Research into Communications over the years has established the concept of the "spiral of silence". That means the tendency of people not to speak out on policy issues if they feel their views are not widely shared,
Much of that research was done in the years before the internet and of course before social media and texting began to have such a huge impact on communications. Since the advent of social media, there has been speculation (and some research) on the question of what this impact might be and whether social media might have the effect of reducing this spiral of silence.
Pew Research has released one study that directly addressed this question. They interviewed 1800 people on the subject of the Edward Snowden revelations of 2013 and hose peoples' willingness to express their views on the matter.
The results are revealing. They show that social media not only does not reduce the effect of the spiral of silence, it actually increases it.
"People reported being less willing to discuss the Snowden-NSA story in social media than they were in person—and social media did not provide an alternative outlet for those reluctant to discuss the issues in person.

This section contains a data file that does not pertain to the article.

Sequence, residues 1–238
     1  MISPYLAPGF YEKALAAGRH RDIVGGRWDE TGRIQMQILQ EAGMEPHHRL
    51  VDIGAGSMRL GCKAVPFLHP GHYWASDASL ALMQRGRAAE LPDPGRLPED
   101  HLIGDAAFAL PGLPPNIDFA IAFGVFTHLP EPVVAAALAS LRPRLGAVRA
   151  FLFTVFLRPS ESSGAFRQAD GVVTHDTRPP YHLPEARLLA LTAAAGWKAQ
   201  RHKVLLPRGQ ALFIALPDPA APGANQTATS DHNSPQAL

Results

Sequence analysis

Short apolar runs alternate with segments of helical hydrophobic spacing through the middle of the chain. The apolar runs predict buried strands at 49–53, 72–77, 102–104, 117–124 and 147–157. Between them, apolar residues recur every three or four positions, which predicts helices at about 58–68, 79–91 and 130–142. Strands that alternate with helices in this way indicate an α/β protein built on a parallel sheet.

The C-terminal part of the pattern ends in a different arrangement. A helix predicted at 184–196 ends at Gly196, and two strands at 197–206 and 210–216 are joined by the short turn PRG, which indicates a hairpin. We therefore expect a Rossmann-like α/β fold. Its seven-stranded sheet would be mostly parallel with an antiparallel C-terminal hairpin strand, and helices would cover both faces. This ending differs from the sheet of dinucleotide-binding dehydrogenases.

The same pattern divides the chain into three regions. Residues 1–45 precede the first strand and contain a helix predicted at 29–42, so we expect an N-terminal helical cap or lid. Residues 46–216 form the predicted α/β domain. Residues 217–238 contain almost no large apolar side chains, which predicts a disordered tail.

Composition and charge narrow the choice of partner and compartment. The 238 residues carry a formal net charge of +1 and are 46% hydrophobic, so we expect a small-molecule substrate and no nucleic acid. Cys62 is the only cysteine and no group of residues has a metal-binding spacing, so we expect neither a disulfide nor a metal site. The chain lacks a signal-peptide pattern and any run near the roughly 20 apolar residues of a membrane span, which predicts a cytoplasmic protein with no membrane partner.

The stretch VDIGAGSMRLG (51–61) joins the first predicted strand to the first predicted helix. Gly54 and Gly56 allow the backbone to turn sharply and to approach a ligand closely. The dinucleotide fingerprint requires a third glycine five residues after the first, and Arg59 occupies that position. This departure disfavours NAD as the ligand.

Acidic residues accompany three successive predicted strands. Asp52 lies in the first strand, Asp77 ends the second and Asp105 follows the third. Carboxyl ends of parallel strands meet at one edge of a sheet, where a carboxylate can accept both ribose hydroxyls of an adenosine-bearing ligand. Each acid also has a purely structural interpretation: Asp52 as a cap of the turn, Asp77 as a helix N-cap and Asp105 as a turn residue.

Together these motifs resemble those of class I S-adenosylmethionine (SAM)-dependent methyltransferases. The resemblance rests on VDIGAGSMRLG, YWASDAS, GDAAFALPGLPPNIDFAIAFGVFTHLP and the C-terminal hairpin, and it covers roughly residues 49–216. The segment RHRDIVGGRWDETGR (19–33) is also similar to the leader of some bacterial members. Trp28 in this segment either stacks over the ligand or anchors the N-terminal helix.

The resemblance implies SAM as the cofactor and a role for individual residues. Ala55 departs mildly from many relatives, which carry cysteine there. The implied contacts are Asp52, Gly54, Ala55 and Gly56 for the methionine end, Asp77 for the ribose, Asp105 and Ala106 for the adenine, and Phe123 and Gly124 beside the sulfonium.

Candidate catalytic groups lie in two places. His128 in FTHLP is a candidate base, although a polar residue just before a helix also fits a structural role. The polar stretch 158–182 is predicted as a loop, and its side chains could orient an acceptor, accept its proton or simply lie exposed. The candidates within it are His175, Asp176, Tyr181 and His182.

"Fully 86% of Americans reported in the Pew Research survey they were “very” or “somewhat” willing to have a conversation about the government’s surveillance program in at least one of the physical settings we queried —at a public meeting, at a family dinner, at a restaurant with friends, or at work. Yet, only 42% of those who use Facebook or Twitter were willing to discuss these same issues through social media."
Among the other findings, people were less willing to discuss the affair in social media that in person. Also, people who used social media were found to be less willing to discuss these issues in person that those who did not use social media. An important finding!
The reasons for these findings remain a rich area for further research. For a report on the study, check this link.